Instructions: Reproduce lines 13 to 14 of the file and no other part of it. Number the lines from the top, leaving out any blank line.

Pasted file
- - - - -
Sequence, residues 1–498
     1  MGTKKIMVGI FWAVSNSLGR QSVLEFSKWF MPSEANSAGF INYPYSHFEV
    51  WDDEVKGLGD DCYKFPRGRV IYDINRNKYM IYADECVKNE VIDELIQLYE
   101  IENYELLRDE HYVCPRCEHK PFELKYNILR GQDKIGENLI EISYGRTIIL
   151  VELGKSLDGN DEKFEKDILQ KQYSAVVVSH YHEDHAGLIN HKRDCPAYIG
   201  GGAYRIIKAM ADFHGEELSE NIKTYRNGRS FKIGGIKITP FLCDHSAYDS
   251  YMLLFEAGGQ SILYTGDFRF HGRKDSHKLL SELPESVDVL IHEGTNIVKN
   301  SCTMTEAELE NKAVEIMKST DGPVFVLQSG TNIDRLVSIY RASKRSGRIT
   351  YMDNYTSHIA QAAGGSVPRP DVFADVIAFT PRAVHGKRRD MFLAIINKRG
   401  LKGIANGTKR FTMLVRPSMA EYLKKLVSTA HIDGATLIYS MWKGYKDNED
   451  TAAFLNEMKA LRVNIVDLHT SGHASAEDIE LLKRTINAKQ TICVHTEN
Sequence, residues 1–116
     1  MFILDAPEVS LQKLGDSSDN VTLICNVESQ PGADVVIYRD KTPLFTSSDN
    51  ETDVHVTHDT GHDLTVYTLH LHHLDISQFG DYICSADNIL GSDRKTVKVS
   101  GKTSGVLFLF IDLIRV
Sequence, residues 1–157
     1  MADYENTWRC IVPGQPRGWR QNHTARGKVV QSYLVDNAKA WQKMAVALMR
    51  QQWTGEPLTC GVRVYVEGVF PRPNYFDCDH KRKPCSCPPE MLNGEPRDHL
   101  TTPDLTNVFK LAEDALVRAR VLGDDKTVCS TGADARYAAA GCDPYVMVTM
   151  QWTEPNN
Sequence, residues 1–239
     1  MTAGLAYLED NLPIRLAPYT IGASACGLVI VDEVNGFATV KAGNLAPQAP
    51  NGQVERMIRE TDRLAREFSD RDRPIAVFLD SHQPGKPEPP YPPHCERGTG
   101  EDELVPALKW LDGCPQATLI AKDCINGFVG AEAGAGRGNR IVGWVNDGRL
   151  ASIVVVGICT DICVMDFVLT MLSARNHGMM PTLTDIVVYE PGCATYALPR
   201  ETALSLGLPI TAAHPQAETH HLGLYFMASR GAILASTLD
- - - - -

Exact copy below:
     1  MFILDAPEVS LQKLGDSSDN VTLICNVESQ PGADVVIYRD KTPLFTSSDN
    51  ETDVHVTHDT GHDLTVYTLH LHHLDISQFG DYICSADNIL GSDRKTVKVS